Lightsource BP Global Director Says ‘Next Asia’ As Oil Giant Opens Global Solar Doors
After adding markets 13 and 14 in Portugal and Greece, Asia is now firmly on Lightsource BP’s radar in rapid expansion aided by the ability of its supermajor oil and gas co-owner to open doors across the country. planet, a senior leader of the solar group said Reload.
“They are in all countries. We have done projects in difficult countries and they are not worried about that, ”said Kareen Boutonnat, CEO of Lightsource BP for Europe and International, of BP, which owns 50% of the photovoltaic developer’s shares. after buying a stake at the end of 2017.
“They help us go to countries that we would never have tried on our own, it would have been too risky.
“This opens up many new markets in which BP has a significant presence, is well established and [has] good political relations.
And at a time when some oil and gas groups are renaming themselves entirely to distance themselves from their fossil heritage, Boutonnat added: “The fact that we are called Lightsource BP [means] we are entering any new country and people know who we are. This brand has helped us a lot. “
Lightsource BP executive spoke out after developer entered two new European markets within days and increased its total pipeline to 20 GW.
Boutonnat said Portugal was a natural extension of its existing anchorage in Spain. The company will co-develop five large-scale, early-stage projects with a local partner with a view to bringing them online between 2023 and 2026. Lightsource BP plans to sell electricity to some of the business and utility customers. who already buy from its Spanish Projects.
Greece was until recently a less obvious market. “Not all the ingredients were there,” Boutonnat said. “But you now have a spot market, the ability to sell electricity outside of government auctions. It’s really important to us, [to have] multiple routes to market, ”she said, adding that Lightsource BP is targeting a mix of around 70% contracted to 30% merchants in its European projects.
Portugal and Greece have two of the main ingredients that Lightsource BP is looking for: good solar irradiation and a government with declared clean energy ambitions.
The expansion of the joint venture quickly allowed it to establish a major presence in Europe and the United States, but its pipeline in Asia has so far been smaller. That will change soon, Boutonnat said.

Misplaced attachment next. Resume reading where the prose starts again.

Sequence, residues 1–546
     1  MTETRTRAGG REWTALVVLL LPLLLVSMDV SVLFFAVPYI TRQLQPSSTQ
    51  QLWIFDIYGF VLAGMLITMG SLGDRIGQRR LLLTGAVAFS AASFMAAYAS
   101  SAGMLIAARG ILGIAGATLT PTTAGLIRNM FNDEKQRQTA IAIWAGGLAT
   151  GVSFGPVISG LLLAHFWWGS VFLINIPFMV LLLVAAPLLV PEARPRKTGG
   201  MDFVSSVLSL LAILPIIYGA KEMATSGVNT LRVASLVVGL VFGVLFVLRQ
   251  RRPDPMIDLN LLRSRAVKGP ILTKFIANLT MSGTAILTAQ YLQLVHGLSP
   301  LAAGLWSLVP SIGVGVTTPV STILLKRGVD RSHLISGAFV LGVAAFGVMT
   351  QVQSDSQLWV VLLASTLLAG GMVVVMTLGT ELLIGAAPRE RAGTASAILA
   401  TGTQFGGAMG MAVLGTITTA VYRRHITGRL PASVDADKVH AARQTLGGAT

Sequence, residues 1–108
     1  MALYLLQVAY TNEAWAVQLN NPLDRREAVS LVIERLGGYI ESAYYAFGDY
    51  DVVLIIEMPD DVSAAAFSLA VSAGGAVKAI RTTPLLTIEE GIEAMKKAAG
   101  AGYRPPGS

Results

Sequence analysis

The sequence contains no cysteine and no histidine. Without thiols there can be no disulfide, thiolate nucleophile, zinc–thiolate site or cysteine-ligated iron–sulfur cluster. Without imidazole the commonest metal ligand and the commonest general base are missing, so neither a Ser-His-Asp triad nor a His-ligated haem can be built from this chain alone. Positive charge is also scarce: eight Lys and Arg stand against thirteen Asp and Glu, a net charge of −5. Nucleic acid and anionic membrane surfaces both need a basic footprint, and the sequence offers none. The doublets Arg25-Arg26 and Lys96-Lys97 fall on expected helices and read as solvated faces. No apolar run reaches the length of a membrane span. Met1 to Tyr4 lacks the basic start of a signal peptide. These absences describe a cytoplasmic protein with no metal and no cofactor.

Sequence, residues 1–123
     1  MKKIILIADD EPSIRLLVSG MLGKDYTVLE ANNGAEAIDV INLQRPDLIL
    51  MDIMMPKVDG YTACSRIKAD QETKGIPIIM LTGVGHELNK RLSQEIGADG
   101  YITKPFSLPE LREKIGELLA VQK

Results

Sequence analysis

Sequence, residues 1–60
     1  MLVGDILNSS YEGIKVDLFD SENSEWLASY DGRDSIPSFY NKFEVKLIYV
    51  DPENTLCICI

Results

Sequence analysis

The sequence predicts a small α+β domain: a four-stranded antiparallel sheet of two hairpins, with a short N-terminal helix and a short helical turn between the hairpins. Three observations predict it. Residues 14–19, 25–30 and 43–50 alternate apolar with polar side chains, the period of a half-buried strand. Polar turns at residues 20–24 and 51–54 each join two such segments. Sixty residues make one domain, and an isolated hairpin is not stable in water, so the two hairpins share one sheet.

“There are many exciting opportunities in Asia Pacific. We are very interested in Taiwan and have a field team in a number of Southeast Asian countries to take a closer look.
“Over time, we can see having an EMEA region and an Asia-Pacific and Americas region. We need to build this third leg of the stool. “
Lightsource BP’s Asian adventure could include opportunities to co-locate solar power with other industries, especially aquaculture, Boutonnat said.
She was more cautious about floating solar – a sector where the developer was one of the early pioneers in Europe, and which is expected to expand rapidly in Southeast Asia. While admitting that floating technology has come a long way in recent years, Boutonnat said, “The problem with floating is that it is more expensive than standard ground solar.
“You also have all the health and safety issues associated with the coupling of water and electricity.”
The benefits of having BP as a co-owner go beyond its name’s ability to open doors, according to Boutonnat.
Know-how in energy trading
The JV and the oil giant are working together on a number of opportunities in green hydrogen, which is “clearly the next big opportunity” for renewable energy, and where it expects to see solar / H2 competitive projects within about five years, depending on market and application.
BP also has tremendous energy trading and marketing capacity which has proven to be “super-important – real added value that they bring to the markets” in terms of the sale of the energy produced by the projects. Lightsource BP.
The admiration between BP and its solar JV is mutual. BP CEO Bernard Looney praised Lightsource BP’s ability to deliver solid returns in the 8-10% range the supermajor is targeting for greater stability of renewable energy projects that will cover wind, PV and bioenergy – and a net goal of 50 GW 2030 which is among the most ambitious of all fossils. group.
Boutonnat said future project returns should be bolstered by rewards for “first-mover risk” because, with the help of its co-owner, Lightsource BP is opening up new markets for solar power.